After Weiter had conveniently committed suicide, the previous Commandant of Dachau, Martin Gottfried Weiss, was put on trial by an American Military Tribunal, although there were no specific charges against him and several prisoners testified in his defense. He was convicted and hanged; his crime was that he was the Commandant of Dachau.
The main Dachau massacre flashback shows the American liberators entering the Dachau concentration camp through a gate with a large sign that reads “Arbeit macht Frei.” I guess someone told Martin Scorsese: “You gotta show the Arbeit macht Frei sign because that is the universal symbol of the Holocaust, known by everyone in the civilized world.”
Unfortunately, the scene does not show anything resembling the real Dachau gate house; the sign is just hanging there, like at the Auschwitz main camp. In the movie, the buildings inside the Dachau camp are brick; the whole scene looks like Auschwitz, not Dachau.
In real life, the first shots of the Dachau massacre did not take place inside the Dachau concentration camp, but in the SS garrison that was next door to the camp. The first SS soldiers were shot before the Americans even saw the dead bodies in the camp, and before they saw the gas chamber. It was the sight of the bodies on the “death train” that caused the American soldiers to lose all control and murder the guards. In the movie, the guards are killed before the Americans see the “death train.”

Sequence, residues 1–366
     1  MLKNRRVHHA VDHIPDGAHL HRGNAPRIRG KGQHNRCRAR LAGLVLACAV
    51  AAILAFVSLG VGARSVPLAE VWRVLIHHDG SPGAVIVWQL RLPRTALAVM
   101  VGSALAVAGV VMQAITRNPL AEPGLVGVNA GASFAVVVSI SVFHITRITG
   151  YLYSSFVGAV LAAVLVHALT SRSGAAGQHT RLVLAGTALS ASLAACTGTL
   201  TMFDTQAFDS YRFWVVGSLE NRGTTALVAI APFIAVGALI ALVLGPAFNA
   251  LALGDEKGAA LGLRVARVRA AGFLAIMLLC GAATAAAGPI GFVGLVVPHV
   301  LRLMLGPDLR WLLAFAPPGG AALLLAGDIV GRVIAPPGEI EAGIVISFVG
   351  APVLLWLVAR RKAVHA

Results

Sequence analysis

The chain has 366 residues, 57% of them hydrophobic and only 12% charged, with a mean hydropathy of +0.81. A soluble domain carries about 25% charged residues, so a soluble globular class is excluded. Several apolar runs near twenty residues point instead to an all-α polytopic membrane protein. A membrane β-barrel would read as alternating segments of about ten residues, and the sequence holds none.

The photo above, taken in May 1945, shows the bodies of Dachau prisoners who died of typhus AFTER the camp was liberated. There were up to 400 prisoners dying each day in the typhus epidemic; the photo shows some prisoners still wearing their striped uniforms, which indicates that they died after the camp was liberated.
The soldiers of the 45th Infantry Division of the US Seventh Army actually entered the Dachau SS garrison through the railroad gate, into the SS garrison, which was open because the “death train” was part way inside the garrison. My photo above, taken in 2001, shows the location of the railroad gate and a short section of the tracks, which have been preserved as a memorial to the prisoners.
The photo above shows the execution scene inside the SS garrison at Dachau. Note the hospital in the background on the right. There were other executions of German soldiers in various locations inside the Dachau camp.
In the flashback scenes, there is great emphasis placed on the snow at Dachau. The ground is covered with snow and the bodies are frozen and encased in ice. The most visible bodies are a woman and a young girl. None of the photos taken at the liberation of Dachau show dead bodies of women or children.